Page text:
Bears

'Pre' free agency time for Bears, NFL full of sound and fury, signifying…check back Thursday

'Pre' free agency time for Bears, NFL full of sound and fury, signifying…check back Thursday

As they do every year at this point, the blizzard of names swirled around the start of the period in which teams can negotiate contracts with free agents. As with any blizzard, however, the real issue is how much of the snow sticks, and for that, there is Thursday at 3 p.m.

The Bears were active: per various reports, in the market for a quarterback (Mike Glennon, Tampa Bay), cornerback (Stephon Gilmore, Buffalo), safety (D.J. Swearinger, Arizona), wide receiver (Alshon Jeffery; Andre Holmes, Oakland; Cordarrelle Patterson, Minnesota), tackle (Ricky Wagner, Baltimore). There are others under various radars, and the market will not stay static, either, or remain on the same trajectory.

The Jets, for example, had genuine interest in Glennon but stepped away from the process when the asking price was in mid-double digits. The 49ers were peripheral, with a hope to reuniting new coach Kyle Shanahan with former Washington protégé Kirk Cousins. But failing to engineer a trade for the franchise-tagged quarterback, and if the price recedes enough from its $14 million-$15 million starting point in the absence of multiple teams making offers, would the Jets come back into the market and the 49ers, who've seen Colin Kaepernick opt out of San Francisco, then make a play?

Pace and the Bears face the unenviable task of needing a dramatic turnaround from a 3-13 season with win-now additions, and growing the roster for years beyond this one. The situation means needing to upgrade at quarterback sooner than later, for instance, while also putting a player in development, something that wasn't done in the past two drafts. (In fairness to Pace, the Bears haven't invested a significant pick in a quarterback since the fourth-rounder used for Kyle Orton in the 2005 draft – a move that led directly to reaching the playoffs that season.)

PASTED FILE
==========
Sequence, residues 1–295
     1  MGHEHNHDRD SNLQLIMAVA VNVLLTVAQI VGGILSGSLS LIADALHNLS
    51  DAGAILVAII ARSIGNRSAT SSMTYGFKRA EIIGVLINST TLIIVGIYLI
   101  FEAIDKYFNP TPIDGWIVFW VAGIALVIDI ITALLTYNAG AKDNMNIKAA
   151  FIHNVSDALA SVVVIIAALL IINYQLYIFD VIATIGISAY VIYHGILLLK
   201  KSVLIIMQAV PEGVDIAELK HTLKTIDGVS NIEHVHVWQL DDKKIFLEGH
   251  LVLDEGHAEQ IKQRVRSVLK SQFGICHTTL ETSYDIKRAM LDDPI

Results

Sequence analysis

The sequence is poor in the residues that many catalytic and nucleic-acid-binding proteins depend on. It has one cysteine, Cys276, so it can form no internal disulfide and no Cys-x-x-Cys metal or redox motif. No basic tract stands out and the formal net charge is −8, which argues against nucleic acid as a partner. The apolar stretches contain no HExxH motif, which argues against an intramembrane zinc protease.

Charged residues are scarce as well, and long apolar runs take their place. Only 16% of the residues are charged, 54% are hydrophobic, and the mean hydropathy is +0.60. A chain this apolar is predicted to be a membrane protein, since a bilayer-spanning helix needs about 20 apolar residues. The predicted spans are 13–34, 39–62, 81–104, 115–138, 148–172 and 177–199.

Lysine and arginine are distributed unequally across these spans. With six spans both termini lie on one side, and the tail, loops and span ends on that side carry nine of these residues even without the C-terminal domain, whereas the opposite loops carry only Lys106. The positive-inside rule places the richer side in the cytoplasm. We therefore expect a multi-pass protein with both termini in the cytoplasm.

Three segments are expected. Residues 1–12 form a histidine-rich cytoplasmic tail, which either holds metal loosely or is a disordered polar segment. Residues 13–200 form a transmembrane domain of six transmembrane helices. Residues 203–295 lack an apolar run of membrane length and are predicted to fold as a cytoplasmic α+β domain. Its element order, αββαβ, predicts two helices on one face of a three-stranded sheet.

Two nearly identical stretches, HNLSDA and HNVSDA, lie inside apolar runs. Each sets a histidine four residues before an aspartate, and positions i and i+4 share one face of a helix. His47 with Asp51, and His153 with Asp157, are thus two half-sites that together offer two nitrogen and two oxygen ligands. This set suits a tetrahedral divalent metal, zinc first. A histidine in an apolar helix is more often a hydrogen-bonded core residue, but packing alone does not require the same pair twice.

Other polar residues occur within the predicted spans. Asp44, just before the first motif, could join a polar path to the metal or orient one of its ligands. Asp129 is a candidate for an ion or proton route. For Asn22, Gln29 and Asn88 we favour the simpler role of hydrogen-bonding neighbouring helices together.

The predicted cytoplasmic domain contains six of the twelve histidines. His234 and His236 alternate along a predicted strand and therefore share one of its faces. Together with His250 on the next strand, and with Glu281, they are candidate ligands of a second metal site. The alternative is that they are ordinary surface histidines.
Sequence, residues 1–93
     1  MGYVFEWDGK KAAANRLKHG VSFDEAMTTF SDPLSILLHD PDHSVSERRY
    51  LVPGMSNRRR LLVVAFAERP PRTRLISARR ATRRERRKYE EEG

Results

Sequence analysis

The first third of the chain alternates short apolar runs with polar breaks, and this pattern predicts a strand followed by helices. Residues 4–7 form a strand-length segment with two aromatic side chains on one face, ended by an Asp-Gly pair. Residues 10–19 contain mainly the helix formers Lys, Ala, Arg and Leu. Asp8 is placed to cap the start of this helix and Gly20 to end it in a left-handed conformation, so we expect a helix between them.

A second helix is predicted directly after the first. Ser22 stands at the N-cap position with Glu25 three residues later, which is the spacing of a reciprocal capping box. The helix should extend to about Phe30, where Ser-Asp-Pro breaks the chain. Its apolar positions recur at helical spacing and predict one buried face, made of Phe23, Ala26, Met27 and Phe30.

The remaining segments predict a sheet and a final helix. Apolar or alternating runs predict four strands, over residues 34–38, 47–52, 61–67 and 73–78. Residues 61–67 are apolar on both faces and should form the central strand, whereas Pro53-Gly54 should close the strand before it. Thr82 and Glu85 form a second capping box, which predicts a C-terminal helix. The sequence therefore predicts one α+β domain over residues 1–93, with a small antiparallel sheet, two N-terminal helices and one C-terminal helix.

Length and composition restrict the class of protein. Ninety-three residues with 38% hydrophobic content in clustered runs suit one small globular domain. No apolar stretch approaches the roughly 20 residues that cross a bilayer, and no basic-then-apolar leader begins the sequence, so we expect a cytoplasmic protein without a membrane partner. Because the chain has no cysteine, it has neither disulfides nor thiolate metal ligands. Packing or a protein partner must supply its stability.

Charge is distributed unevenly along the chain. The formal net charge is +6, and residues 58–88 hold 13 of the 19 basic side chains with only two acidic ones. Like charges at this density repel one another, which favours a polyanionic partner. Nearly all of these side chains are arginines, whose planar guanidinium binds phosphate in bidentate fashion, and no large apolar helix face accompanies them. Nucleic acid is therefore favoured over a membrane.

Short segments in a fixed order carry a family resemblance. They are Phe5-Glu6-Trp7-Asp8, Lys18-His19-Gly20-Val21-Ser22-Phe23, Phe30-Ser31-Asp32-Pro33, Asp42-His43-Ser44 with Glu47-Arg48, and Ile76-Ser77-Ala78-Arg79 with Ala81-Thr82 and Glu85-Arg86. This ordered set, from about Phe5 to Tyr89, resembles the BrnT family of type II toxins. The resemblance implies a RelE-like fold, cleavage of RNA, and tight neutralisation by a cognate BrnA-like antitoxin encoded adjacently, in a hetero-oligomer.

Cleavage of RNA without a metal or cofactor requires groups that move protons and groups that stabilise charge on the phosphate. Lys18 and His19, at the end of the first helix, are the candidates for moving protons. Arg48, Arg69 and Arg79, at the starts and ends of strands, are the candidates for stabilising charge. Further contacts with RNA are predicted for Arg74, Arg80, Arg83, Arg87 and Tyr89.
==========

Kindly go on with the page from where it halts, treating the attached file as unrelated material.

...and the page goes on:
The Bears long ago moved beyond the cliché'd "Misers of the Midway" image that was a misrepresentation even when free agency first began in 1993. The problem was that the Bears were willing to spend huge money (Bryan Cox, Phillip Daniels, Thomas Smith, Tom Carter, Alonzo Spellman, others) but too often gushed that money on wrong players who never played to their dollar cost.

Pace and the Bears can ill afford a similar drama playing out this offseason.

Trey Lance to the Bears? This 2021 mock draft thinks so

Trey Lance to the Bears? This 2021 mock draft thinks so

Barring some kind of career-year from Mitch Trubisky or Nick Foles, the 2021 NFL Draft will likely center around quarterback for the Chicago Bears. And while that's not necessarily good news for Bears fans, it could be worse. Next year's draft class will have a handful of quality quarterbacks with first-round grades.

In the latest mock draft from The Draft Wire, the Bears spend their first-round pick on North Dakota State darling, Trey Lance. The FCS standout is the apple of Draft Twitter's eye during the first wave of summer scouting, with some respected draft analysts like The Athletic's Dane Brugler ranking him ahead of Ohio State star, Justin Fields.

The Bears use the 12th overall pick in this mock on Lance. By the time April rolls around, and assuming Lance stacks another productive season on top of his remarkable 2019 performance, it's unlikely he'll be around outside the top 10.